Leadership Skills. This consists of visitors looking to develop their leadership skills. Their needs are met through the Leadership Skills section of the educational product catalogue.

Learning. This consists of visitors who want to improve their learning ability. Their needs are met through the Learning section of the educational product catalogue.

Mental Speed. This consists of visitors who want to explode their mental speed. Their needs are met through the Mental Speed section of the educational product catalogue.

Positive Affirmations. This consists of visitors who want to transform their negative dispositions into a positive mindset in order to improve their performance. Their needs are met through the Positive Affirmations section of the educational product catalogue.

Speaking. This consists of visitors looking to improve their speaking skills. Their needs are met through the Speaking section of the educational product catalogue.

Tests and Exams. This consists of visitors looking to master exam technique. Their needs are met through the Tests and Exams section of the educational product catalogue.

Writing. This consists of visitors looking to improve their writing skills. Their needs are met through the Writing section of the educational product catalogue.

Usability Considerations

Usability has been enhanced to make it easy for the visitor to find solutions to her problem, by following these steps:

1. The first thing the visitor sees are a set of articles whose titles represent the specific problem area they address. The articles are accessed from the Educational Problem Solving menu of the navigation bar to the left of the screen or from the Educational Problem Solving main page. By scanning these articles the visitor can identify whether or not her problem is covered. If not the visitor can check the educational product catalogue through the Product Catalogues menu of the same navigation bar, to see whether a product exists that answers her query. If she finds nothing she knows that her problem is not addressed. She can proceed to the Related Sites pages, which are accessible from the left navigation bar.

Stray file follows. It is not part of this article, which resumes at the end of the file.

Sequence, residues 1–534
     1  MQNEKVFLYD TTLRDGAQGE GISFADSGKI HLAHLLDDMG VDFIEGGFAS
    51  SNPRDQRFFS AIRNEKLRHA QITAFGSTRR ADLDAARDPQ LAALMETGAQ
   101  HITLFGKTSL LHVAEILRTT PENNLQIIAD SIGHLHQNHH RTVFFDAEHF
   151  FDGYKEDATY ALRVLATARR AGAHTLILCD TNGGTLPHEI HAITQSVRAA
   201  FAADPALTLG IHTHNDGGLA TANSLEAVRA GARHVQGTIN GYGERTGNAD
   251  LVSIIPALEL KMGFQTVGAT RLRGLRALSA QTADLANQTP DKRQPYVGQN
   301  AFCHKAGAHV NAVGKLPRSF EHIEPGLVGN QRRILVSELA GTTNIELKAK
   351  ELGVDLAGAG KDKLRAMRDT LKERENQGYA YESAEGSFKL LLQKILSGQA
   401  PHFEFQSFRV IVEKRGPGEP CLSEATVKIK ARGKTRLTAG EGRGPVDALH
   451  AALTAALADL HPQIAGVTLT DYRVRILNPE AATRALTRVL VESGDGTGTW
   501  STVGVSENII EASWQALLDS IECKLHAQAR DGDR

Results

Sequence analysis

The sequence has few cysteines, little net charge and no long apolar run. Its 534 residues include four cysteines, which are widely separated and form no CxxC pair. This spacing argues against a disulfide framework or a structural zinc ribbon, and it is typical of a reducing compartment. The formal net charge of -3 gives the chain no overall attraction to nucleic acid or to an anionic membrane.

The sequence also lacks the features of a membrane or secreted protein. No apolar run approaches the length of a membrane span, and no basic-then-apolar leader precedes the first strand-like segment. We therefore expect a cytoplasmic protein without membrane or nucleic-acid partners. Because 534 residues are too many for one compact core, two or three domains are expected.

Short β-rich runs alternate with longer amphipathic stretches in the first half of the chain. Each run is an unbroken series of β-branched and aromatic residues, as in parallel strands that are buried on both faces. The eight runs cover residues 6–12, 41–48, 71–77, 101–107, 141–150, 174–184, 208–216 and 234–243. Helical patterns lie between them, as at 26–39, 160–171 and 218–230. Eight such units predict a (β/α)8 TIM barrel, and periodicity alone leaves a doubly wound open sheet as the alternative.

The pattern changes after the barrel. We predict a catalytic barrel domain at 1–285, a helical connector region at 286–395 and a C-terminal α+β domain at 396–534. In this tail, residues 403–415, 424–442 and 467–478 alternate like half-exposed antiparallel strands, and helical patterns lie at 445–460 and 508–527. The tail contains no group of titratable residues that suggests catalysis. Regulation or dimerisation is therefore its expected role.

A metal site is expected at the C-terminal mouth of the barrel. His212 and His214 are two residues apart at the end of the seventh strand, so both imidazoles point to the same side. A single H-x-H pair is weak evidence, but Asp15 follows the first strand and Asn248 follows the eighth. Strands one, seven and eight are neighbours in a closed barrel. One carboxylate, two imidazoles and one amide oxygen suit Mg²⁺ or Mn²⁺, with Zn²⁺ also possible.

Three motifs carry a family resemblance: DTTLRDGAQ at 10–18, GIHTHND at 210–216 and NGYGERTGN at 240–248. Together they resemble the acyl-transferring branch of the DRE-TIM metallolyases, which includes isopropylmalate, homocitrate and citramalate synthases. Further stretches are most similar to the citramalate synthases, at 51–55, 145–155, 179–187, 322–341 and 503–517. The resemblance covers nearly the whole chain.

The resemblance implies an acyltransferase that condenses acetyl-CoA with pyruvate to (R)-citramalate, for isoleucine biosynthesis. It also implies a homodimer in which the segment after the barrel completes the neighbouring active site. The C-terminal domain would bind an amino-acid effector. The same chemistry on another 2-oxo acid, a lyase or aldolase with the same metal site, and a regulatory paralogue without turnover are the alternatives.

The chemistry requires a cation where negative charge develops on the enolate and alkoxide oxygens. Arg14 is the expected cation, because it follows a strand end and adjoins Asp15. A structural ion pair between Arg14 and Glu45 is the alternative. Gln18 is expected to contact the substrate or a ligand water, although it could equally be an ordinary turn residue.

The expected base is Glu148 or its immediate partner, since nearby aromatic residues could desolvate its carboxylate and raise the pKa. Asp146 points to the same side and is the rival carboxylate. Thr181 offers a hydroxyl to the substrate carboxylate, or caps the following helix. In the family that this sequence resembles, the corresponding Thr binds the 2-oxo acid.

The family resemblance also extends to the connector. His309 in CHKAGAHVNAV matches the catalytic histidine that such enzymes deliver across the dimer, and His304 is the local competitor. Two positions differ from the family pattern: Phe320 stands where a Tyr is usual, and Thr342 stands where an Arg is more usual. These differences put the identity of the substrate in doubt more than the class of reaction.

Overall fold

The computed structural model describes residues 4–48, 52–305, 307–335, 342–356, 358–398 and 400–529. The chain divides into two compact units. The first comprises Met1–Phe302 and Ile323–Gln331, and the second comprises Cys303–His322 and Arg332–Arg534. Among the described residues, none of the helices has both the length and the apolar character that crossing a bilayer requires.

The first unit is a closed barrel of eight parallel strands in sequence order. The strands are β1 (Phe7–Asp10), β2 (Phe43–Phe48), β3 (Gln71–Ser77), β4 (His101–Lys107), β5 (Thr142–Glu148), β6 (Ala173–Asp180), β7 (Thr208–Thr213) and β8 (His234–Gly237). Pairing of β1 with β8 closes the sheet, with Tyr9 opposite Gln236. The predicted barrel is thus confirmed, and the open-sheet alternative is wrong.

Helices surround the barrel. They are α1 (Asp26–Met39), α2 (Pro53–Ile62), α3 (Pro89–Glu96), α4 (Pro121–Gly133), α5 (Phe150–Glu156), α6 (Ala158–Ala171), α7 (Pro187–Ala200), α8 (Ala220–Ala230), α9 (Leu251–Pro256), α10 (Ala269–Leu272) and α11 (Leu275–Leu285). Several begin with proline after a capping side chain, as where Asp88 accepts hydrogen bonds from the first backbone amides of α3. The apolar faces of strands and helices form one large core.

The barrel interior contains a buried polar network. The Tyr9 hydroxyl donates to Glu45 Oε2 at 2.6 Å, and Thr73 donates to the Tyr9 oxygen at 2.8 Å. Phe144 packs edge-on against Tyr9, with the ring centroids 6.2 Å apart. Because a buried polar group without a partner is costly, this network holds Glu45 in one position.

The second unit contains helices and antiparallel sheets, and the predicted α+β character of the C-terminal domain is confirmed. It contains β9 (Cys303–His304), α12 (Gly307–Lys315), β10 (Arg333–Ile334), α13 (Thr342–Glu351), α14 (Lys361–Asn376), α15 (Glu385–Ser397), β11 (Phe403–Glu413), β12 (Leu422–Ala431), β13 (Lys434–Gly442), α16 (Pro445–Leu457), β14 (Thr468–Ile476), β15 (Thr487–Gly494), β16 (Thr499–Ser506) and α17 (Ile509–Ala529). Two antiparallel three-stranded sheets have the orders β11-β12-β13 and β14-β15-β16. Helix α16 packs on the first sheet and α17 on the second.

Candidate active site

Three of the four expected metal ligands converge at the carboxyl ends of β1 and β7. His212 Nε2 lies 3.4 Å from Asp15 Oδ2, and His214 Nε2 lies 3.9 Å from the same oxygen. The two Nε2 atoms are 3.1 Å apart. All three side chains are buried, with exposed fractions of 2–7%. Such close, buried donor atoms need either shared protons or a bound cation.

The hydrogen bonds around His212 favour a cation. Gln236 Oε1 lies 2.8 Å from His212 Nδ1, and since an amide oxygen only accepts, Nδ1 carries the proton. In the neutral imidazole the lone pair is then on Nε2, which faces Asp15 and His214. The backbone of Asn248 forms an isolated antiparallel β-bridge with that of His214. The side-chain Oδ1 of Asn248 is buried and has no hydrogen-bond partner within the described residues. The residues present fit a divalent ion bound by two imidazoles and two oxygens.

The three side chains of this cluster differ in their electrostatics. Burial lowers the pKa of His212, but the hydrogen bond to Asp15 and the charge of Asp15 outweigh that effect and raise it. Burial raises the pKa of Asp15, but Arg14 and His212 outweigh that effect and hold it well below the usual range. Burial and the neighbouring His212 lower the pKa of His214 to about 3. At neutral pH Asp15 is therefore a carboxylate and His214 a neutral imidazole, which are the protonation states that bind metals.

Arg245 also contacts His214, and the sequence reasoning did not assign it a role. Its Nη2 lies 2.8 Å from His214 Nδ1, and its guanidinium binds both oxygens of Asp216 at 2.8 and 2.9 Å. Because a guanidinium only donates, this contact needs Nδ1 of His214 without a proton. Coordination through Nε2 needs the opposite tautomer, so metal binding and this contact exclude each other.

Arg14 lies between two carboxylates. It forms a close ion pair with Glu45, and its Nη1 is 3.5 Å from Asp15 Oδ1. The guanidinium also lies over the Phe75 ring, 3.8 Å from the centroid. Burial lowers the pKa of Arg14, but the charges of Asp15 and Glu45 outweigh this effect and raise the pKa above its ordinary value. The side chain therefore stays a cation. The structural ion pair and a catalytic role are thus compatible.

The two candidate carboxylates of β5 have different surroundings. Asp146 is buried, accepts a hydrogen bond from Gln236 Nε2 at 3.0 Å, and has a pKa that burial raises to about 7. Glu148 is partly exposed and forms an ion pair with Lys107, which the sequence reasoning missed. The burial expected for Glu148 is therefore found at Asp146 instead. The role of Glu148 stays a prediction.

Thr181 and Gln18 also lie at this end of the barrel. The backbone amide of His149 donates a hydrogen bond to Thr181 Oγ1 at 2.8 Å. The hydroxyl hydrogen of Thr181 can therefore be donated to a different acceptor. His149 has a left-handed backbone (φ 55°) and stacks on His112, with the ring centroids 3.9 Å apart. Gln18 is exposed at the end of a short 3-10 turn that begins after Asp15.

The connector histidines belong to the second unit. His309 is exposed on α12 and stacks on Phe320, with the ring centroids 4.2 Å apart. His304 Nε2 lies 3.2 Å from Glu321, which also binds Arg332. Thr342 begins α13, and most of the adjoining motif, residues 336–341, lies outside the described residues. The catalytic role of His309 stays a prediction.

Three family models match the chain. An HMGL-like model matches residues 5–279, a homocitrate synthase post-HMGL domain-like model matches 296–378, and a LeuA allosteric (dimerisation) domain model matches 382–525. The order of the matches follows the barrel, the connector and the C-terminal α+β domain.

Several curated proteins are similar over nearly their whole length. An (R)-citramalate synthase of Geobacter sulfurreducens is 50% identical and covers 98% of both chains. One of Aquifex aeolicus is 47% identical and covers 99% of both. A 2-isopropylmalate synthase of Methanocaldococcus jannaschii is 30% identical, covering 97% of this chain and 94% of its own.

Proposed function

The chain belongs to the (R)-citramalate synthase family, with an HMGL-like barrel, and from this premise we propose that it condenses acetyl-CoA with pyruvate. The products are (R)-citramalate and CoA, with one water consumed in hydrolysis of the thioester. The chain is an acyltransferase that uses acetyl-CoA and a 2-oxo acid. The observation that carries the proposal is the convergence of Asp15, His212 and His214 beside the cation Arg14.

2. If the visitor finds an article that addresses her problem then she can begin to explore that; at the end of the article she will find products that discuss her problem more deeply. She can also access the educational product catalogue through an article page.

Conclusion

This article has introduced the educational solutions module of the world’s most recent personal and professional problem solving site. The article has examined competitive offerings, the target customer profile, problem-oriented solutions, target markets, product offerings, and usability considerations. It concludes that the module is a major contribution to the information superhighway.

The Common Benefits Of Game Testing Jobs

The industry of gaming continues to grow in appeal and following among interested people around the world. There are many different companies in existence that create this type of entertainment experience, for interested consumers, in the form of various consoles and systems, as well as specific games that are created for playing purposes. Anyone interested in this type of position should understand the known benefits of game testing jobs.

Industries that are as closely followed and ever expanding like this one is known to have quite a few options available to people that are interested. Many companies are in existence today within this industry that are continually expanding and offering up a tremendous opportunity for people that join their teams. There are now an overwhelming number of people around the planet today that are filling various positions within this field of technology with varied layers of success.

The people that are hired to actually sample newer games that are created are actually filling a vital role. These are the people that are able to demonstrate any weaknesses with any new design before it is marketed to the general public. People that understand the benefits of this type of position are usually able to partake in a very rewarding career.

An initial and popular benefit of performing this type of job is the ability to actually keep the games that are being sampled. There are many people that actually seek out these types of positions for this very reason. This becomes a foundational source of allowing people an opportunity to get paid for amassing an enjoyable collection.